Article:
Microsoft will allow foreign customers to have their personal data stored on servers outside the U.S., breaking ranks with other big technology groups that until now have shown a united front in response to the American surveillance scandal.
Brad Smith, general counsel of Microsoft, said that although many tech companies were opposed to the idea, it had become necessary following leaks that showed the U.S. National Security Agency had been monitoring the data of foreign citizens from Brazil to across the EU.
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"People should have the ability to know whether their data are being subjected to the laws and access of governments in some other country and should have the ability to make an informed choice of where their data resides," he told the FT.
Mr Smith added that customers could choose where to store their data from a variety of existing Microsoft data centers. For example, a European client could choose to have their data stored in the group's Irish data center.
The scandal over the NSA's illicit internet surveillance and the bulk collection of phone records has caused tensions between the U.S. and even some of its closest allies. The revelations sparked a global backlash, from calls for tighter privacy rules in Europe to a draft law in Brazil that would require all data about citizens to be held inside the country. Internet companies argue that this would balkanise the internet, turning it into a patchwork of national or regional systems.
Microsoft's gesture was immediately welcomed by privacy advocates, though it looked set to open a rift between the tech companies as they struggle to deal with the damage from the surveillance scandal.
"It's incredibly positive," said Jeff Chester, a U.S. privacy campaigner. "If they're really making a public commitment to store [data] locally then they will be breaking with the rest of the industry."
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Some critics of the idea have questioned whether such a move would be effective in putting the personal data of non-Americans outside the reach of the NSA, since U.S. tech companies have to hand over information about specific users when ordered to by a secret U.S. court, regardless of where it is held.
However, keeping the information off U.S. soil and under local data protection rules should make it harder for the NSA to tap into illicitly, Mr. Chester said. "If the data are not being transported, then it does stop that kind of access."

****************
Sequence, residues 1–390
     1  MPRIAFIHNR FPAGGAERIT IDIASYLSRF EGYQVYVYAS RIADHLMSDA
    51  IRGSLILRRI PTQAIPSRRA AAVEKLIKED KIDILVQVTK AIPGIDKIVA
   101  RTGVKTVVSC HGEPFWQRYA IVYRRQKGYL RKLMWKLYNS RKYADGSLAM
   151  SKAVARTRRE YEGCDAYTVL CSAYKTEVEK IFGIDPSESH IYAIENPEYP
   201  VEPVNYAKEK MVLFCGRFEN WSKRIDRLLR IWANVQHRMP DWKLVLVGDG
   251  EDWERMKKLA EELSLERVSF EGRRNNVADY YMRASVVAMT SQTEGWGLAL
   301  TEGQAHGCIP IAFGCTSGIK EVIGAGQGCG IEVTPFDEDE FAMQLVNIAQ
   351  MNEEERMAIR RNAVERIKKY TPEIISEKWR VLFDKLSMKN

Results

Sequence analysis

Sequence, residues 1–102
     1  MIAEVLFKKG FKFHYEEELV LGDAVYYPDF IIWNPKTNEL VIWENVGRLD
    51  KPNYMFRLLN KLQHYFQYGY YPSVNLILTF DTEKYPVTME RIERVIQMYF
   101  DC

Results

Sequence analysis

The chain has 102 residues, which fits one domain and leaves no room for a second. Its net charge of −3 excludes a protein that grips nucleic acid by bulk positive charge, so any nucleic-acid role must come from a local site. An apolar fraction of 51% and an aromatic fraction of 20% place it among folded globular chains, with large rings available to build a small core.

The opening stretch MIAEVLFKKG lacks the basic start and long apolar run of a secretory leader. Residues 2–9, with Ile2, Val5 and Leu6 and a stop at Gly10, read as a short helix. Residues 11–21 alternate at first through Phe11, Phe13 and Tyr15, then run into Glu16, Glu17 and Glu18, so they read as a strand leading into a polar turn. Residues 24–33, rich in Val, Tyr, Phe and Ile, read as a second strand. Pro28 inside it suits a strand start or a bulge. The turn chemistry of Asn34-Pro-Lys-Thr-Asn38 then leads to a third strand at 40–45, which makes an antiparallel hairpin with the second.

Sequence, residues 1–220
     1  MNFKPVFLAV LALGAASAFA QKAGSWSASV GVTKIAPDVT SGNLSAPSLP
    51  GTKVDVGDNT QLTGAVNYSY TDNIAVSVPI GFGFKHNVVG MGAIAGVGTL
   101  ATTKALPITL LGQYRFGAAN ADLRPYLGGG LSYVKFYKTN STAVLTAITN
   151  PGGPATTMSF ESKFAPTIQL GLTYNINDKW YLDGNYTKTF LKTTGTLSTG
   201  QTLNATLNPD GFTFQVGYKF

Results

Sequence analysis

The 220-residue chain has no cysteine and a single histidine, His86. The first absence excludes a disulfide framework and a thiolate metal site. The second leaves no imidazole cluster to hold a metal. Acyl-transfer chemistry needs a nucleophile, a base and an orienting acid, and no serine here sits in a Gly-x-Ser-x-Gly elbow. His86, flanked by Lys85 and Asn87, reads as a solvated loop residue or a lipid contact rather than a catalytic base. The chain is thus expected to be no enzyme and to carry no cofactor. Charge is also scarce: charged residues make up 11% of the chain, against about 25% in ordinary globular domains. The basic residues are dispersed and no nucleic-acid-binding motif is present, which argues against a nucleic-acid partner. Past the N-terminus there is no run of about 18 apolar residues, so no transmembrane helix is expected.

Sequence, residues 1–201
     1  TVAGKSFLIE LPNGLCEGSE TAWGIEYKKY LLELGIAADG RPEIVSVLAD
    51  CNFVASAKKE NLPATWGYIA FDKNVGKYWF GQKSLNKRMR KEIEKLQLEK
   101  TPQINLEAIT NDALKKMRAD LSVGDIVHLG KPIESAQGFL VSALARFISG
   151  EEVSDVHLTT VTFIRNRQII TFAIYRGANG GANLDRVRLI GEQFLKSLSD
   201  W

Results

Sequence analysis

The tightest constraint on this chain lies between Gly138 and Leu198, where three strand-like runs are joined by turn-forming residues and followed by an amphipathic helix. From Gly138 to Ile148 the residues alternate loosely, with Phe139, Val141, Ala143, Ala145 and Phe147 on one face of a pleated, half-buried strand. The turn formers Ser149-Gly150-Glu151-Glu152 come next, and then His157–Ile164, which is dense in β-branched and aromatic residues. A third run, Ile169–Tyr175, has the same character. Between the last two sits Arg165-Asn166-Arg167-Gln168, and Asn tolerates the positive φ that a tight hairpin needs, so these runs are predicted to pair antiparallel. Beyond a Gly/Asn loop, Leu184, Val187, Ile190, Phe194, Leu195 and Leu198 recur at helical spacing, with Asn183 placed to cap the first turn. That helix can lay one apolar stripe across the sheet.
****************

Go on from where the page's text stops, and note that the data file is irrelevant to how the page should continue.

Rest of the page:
The Microsoft offer follows a joint statement from the main U.S. Internet companies last month denouncing any requirement to hold data locally, as has been proposed in a draft law in Brazil.
A person at one leading internet company, who refused to be named, said on Wednesday that being forced to set up data centers in every country would be prohibitively expensive, especially for start-ups that cannot afford facilities in multiple countries.
Mr. Smith acknowledged that it would be expensive but added "does it mean that you ignore what customers want? That's not a smart business strategy."
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Following revelations made by Edward Snowden, the former NSA contractor, EU companies and consumers have become concerned about the way U.S. tech groups such as Google, Facebook and Microsoft share their data with U.S. authorities.
Although all major U.S. tech companies have denied giving American security agencies a "back door" into their networks, overall trust among many of their service users in Europe remains low by their own admission. "Our entire industry is concerned that some customers outside the U.S. are feeling less confident with [American] online services today," Mr. Smith said. "Technology today requires that people have a high degree of trust in the services they are using . . . The events of the last year undermine some of that trust [and] that is one of the reasons new steps are needed to address it."
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Mr. Smith also said that the U.S. and EU should consider signing an international agreement that ensures they will not try to seek data in each other's territory via technology companies.
"If you want to ensure that one government doesn't seek . . . to reach data in another country, the best way to do it is . . . an international agreement between those two countries. Secure a promise by each government that it will act only pursuant to due process and along the way improve the due process."
He argued that the existing "Mutual Legal Assistance Treaty" mechanism used by the U.S. and EU to protect individuals' rights from the two blocs is outdated: "It needs to be modernized or replaced."
—By James Fontanella-Khan and Richard Waters of the Financial Times